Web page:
Voyager Therapeutics looks to shake off a tough year as it pens Pfizer gene therapy pact worth $630M

Hoping to make gene therapies safer and looking to move on from a troubled 18 months, Pfizer is putting down as much as $630 million in an upfront/milestone-based payment for Voyager’s next-gen gene therapies.

Pfizer, which recently had to change the protocol for its ongoing Duchenne muscular dystrophy gene therapy trial after a series of safety concerns emerged, will pay $30 million upfront and $20 million in exercise fees for two options, with $580 million backloaded to use Voyager’s so-called TRACER AAV capsids specifically for neurologic and cardiovascular gene therapy programs.

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These capsids have been sought out to target desired cells and tissues with greater specificity, at lower doses and with fewer off-target risks than conventional AAV, with enhanced blood-brain barrier penetration.

The hope is that these could prove safer in the long run and follows on from a similar $1.1 billion deal Takeda made this week with Selecta Biosciences, a pact that focuses on the biotech’s tolerogenic therapies that selectively lessen unwanted immune responses and can therefore also potentially make these therapies safer.

This also comes after Astellas has seen four deaths in young children from its now FDA halted gene therapy trial for AT132 in a rare neuromuscular disease, with three of the deaths appearing to be linked to the therapy and its affect on the liver. Gene therapies hold much promise but also come with risk; the future of their use will surely be focused heavily on making them safe for patients, so don’t be surprised to see more deals like this in the future.

“This transaction highlights the potential of our TRACER platform to identify novel AAV capsids that target desired cells and tissues with greater specificity at lower doses and with fewer off-target risks than conventional AAV serotypes,” said Michael Higgins, interim CEO of Voyager.

“We believe that our TRACER platform has the ability to produce not only enhanced blood-brain-barrier penetrant capsids, but also novel capsids with enhanced tropisms across a diversity of tissues and cell types, offering promise to unlock the fullest potential of gene therapies for a wide array of diseases with unmet medical need.”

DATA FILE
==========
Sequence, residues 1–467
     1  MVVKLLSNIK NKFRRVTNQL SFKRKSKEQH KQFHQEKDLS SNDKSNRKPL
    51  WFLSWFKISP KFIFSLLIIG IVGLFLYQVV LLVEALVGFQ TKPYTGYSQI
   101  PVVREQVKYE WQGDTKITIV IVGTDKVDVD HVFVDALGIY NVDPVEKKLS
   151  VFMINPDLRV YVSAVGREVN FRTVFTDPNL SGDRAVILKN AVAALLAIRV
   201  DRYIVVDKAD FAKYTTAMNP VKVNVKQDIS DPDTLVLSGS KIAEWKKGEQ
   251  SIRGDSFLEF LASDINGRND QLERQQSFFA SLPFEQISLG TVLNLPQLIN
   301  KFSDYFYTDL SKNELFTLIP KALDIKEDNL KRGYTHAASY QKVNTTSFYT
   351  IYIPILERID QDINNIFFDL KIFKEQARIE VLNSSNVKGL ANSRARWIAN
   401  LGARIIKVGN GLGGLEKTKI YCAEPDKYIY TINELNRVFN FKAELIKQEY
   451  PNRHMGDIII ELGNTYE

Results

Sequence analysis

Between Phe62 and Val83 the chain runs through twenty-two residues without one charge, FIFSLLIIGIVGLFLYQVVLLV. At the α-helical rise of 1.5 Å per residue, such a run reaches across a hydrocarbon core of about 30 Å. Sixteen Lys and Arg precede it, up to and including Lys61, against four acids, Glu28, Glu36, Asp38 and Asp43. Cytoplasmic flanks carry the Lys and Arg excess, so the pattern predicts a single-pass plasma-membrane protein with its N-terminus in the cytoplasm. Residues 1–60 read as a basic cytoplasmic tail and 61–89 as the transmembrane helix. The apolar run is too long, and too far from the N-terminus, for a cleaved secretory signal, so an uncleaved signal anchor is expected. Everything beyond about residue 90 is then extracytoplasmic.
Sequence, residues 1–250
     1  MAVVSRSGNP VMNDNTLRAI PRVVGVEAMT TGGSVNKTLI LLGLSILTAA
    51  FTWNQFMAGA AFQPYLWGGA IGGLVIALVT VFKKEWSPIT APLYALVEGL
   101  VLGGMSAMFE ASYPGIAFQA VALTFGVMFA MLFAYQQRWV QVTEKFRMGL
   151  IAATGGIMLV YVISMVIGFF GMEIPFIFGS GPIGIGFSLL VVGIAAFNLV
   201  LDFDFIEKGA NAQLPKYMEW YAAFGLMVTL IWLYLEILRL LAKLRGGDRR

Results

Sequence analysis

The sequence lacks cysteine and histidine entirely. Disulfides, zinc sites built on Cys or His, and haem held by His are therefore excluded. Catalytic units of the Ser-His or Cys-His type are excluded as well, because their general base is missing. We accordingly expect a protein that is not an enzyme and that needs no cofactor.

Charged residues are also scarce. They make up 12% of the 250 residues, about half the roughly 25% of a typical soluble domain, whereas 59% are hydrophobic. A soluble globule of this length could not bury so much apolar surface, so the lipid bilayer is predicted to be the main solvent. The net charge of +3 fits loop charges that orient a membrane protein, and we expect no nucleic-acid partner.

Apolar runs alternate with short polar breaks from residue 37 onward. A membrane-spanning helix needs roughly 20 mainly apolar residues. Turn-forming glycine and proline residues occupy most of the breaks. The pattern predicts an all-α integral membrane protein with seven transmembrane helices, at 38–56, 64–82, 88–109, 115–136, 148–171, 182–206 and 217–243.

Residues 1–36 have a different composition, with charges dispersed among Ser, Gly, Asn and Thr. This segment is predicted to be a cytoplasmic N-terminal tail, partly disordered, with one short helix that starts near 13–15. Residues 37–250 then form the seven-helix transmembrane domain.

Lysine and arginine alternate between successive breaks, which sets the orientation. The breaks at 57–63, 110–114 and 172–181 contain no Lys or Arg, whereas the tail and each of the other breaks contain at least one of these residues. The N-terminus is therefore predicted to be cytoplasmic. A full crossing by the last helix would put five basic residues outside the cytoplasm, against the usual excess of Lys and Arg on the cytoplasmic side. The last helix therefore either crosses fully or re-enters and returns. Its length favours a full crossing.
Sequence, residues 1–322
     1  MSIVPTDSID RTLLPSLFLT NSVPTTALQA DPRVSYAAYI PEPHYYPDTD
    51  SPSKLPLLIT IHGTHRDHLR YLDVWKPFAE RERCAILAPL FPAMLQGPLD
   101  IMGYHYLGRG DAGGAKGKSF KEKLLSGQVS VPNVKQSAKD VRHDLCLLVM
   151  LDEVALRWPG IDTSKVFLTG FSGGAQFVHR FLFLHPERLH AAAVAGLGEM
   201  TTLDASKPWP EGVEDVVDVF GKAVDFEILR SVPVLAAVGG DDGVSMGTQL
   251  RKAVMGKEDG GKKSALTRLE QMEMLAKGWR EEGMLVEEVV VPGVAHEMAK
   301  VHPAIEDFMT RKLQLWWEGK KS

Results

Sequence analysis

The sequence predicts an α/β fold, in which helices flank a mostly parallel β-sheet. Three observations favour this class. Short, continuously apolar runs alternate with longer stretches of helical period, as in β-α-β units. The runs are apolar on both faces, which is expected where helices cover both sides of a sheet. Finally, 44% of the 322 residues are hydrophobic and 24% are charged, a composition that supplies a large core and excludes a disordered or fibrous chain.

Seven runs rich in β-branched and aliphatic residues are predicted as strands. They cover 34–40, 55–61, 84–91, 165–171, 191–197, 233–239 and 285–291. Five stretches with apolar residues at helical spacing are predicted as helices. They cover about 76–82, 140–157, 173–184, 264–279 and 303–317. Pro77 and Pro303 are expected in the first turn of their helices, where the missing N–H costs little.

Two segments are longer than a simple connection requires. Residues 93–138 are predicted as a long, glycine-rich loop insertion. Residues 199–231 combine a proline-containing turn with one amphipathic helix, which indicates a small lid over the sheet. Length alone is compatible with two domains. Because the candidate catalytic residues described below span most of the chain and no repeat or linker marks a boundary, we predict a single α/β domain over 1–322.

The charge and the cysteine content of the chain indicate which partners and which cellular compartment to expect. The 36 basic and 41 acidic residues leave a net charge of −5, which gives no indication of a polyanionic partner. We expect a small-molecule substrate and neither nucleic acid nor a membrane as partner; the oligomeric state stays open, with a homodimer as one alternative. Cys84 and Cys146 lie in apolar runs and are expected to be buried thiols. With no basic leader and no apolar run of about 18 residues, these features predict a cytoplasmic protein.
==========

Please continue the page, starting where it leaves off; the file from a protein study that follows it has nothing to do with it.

This comes as Voyager has been dealing with its own issues: Last August, AbbVie axed its Alzheimer's and Parkinson’s disease pacts with Voyager after the Big Pharma paid $134 million to enter into the two partnerships but then dropped the projects after Voyager completed research activities.

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That same year the biotech was slapped with a clinical hold on an IND for its gene therapy program, VY-HTT01, because of issues with chemistry, manufacturing and controls. This marked a miserable time for the program, coming one year after Sanofi’s Genzyme unit pulled out of a collab for it.

But in April, the biotech got a reprieve after the FDA lifted the hold, allowing the trial to continue after the issues were cleared up.

Just one month later, the biotech’s CEO Andre Turenne (replaced by Higgins for the time being) and its R&D chief Omar Khwaja, M.D., Ph.D., both left unexpectedly. This deal with Pfizer is some much needed good news.

“Our collaboration with Voyager will provide Pfizer with access to additional AAV capsids that may help further advance our industry-leading gene therapy portfolio,” added Seng Cheng, Ph.D., senior vice president and chief scientific officer of Pfizer's rare disease research unit.

“We are impressed with Voyager’s results to date and are enthusiastic about the potential to utilize these novel capsids to help accelerate the development of new therapeutic options for patients living with certain neurologic and cardiovascular diseases.”